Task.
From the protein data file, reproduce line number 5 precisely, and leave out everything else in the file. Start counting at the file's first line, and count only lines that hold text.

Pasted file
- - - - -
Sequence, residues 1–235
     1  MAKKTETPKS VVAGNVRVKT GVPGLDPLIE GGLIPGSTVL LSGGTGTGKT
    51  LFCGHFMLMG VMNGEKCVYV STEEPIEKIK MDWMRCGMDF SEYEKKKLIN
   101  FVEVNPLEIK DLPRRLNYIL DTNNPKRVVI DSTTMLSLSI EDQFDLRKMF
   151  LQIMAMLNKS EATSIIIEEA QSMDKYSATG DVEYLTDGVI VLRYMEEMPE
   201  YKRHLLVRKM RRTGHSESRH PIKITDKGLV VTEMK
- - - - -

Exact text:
   151  LQIMAMLNKS EATSIIIEEA QSMDKYSATG DVEYLTDGVI VLRYMEEMPE